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Another beautiful day in the Arctic

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In early April, WWF’s Bering and Arctic Sea program officer, Elisabeth Kruger, traveled to the United States Fish and Wildlife Service field office in the Arctic to assist with interpretation for our Moscow colleague, Natalia Illarionova.

In these blog posts, Elisabeth describes her experiences on the Arctic slope and the work that the FWS does to help us understand the Chukchi Sea polar bear population.

The study is conducted over US waters, just miles from Russia.  Exchanges such as this between Russian and American biologists will help to foster a similar research program in Russia.

Read the previous post here.

April 12, 2011

By Elizabeth Kruger

This is the last day Natalia and I will be flying with the team before we head back to Anchorage, so we are happy to see blue skies in the morning.  After breakfast, we prep for the day and pack up the helicopters.

We see track after track all morning, but all of them appear to be old.  We flew northwest today, in search of larger male bears.  They have definitely been spending a lot of time here, but we have yet to sight a bear.

Ice views from the helicopter. Photo: Elizabeth KrugerIce views from the helicopter. Photo: Elizabeth Kruger

Just as we’re starting to think about refueling, we get a call from Eric and Michelle.  They’ve found a bear!  They give us their GPS coordinates, and we join them on the ground.

This bear has been captured before, both in 2009 and 2010, and still has a good set of ear tags and ID number tattoos.  We take samples and measurements, which will be compared to the data from this same bear in previous years.

Ear tag. Photo: Elizabeth KrugerEar tag. Photo: Elizabeth Kruger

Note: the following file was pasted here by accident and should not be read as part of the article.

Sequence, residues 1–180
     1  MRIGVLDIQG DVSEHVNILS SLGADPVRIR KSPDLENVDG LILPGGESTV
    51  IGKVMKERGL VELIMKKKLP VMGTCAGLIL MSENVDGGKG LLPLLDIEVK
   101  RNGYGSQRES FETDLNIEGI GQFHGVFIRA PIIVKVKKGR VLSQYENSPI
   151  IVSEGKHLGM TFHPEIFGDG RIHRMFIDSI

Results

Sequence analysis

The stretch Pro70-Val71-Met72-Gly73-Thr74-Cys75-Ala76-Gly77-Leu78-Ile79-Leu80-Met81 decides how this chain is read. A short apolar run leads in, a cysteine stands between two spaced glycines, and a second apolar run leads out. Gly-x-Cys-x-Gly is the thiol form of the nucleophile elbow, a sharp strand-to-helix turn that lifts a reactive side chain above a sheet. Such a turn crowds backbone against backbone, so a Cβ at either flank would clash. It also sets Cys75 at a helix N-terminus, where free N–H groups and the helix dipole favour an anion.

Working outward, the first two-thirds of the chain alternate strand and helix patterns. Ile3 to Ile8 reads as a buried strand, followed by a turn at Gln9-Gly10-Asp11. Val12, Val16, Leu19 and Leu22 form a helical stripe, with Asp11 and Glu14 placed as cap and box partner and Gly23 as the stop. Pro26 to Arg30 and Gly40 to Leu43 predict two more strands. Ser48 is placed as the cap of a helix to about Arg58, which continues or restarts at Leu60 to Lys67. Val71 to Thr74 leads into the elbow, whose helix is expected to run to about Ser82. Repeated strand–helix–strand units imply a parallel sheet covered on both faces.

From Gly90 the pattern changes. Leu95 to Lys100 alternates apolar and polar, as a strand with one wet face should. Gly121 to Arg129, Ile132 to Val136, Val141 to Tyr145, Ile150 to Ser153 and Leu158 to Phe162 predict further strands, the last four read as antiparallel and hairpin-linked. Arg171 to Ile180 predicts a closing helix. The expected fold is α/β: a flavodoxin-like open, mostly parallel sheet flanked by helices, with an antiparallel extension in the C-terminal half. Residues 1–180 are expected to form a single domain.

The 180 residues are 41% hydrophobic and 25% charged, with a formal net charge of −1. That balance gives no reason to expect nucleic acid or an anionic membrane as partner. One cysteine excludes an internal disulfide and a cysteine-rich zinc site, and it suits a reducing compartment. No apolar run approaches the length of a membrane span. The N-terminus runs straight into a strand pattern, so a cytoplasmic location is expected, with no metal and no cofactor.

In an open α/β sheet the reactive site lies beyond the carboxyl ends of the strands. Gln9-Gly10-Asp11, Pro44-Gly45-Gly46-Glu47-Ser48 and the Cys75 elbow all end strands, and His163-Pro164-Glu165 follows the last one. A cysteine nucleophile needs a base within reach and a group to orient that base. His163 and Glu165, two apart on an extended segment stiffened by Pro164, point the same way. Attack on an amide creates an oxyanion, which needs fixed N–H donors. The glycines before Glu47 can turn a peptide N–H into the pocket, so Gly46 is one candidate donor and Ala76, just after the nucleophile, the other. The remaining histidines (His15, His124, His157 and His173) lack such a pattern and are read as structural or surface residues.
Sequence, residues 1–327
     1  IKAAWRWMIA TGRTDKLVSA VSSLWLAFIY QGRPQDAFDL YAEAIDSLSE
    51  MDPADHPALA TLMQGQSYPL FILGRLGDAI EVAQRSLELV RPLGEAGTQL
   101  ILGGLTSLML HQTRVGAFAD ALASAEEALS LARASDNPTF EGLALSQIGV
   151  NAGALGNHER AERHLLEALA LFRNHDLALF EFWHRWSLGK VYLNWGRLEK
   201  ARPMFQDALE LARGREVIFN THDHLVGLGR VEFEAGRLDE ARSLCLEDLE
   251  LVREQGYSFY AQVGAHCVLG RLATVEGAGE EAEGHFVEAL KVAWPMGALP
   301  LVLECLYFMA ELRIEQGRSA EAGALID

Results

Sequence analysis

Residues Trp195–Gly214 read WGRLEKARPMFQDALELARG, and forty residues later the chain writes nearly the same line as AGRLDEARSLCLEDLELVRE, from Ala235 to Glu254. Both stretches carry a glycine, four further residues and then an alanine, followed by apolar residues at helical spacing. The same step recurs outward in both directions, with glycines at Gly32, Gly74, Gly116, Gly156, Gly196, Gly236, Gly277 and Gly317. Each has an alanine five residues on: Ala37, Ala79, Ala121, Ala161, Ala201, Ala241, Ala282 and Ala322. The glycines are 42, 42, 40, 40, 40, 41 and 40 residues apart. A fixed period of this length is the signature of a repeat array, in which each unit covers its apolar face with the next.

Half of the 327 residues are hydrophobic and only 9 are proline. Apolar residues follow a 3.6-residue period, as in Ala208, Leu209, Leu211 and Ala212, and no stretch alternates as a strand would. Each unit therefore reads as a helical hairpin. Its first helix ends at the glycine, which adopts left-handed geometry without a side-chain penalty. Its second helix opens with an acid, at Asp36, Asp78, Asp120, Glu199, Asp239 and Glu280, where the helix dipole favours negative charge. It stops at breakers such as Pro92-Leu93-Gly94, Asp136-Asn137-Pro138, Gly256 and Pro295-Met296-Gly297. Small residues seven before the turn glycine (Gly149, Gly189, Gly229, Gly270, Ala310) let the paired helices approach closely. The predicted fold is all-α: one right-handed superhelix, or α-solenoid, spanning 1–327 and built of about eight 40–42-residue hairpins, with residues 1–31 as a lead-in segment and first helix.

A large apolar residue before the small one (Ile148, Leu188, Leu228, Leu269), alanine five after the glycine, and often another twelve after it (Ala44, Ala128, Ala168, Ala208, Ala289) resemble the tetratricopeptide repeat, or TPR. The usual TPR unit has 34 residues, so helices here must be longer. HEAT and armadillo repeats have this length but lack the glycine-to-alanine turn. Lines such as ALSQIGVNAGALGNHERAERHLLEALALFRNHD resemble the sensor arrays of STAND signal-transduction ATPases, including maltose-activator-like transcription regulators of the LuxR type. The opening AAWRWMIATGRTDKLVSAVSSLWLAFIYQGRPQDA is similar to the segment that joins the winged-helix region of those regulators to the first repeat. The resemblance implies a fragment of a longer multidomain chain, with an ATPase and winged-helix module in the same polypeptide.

Because he has been captured before, we know that this bear is 16 years old and has previously weighed around 1100 pounds.  This year he’s a little heavier at 1127, and he’s looking good.

When we were done with this bear, our helicopter had to return to the port for fuel.  While we were gone, Eric and Michelle were able to find and process another large male.

We were disappointed to miss out on the last bear, but the views from the helicopter almost made up for it.

Views from the helicopter. Photo: Elizabeth KrugerViews from the helicopter. Photo: Elizabeth Kruger

Back at camp, we hand off the samples to Tom for processing and grab a hot meal.  Natalia goes through the lab one more time, photographing everything and asking lots of questions before we head to bed.

April 13, 2011

It’s another beautiful day in the Arctic, and Eric, Michelle and Tom head out in the helicopters just before lunch.  Natalia and I are sad to leave, but we all express our hopes of meeting again, perhaps on the Russian side next time.  We wish the team a great day and good weather for the rest of their time in the North with the great white bears, and watch them fly off in the helicopters for another day of bear spotting.

After a few more hours, it’s time for Natalia and I to fly back to Anchorage, where it feels like spring in comparison to the white wintery North.

The team. Photo: Elizabeth KrugerThe team. Photo: Elizabeth Kruger

Howard Reed (helicopter pilot), Michelle St. Martin (USFWS polar bear biologist), Tom Evans (USFWS polar bear biologist), Natalia Illarionova (polar bear biologist at the All-Russian Scientific Research Institute of Nature Conservation), Dr. Eric Regehr (USFWS polar bear biologist), Elisabeth Kruger (WWF Arctic and Bering Sea Program Officer)

Learn more about polar bears on the WWF Global Arctic Programme polar bear species page.

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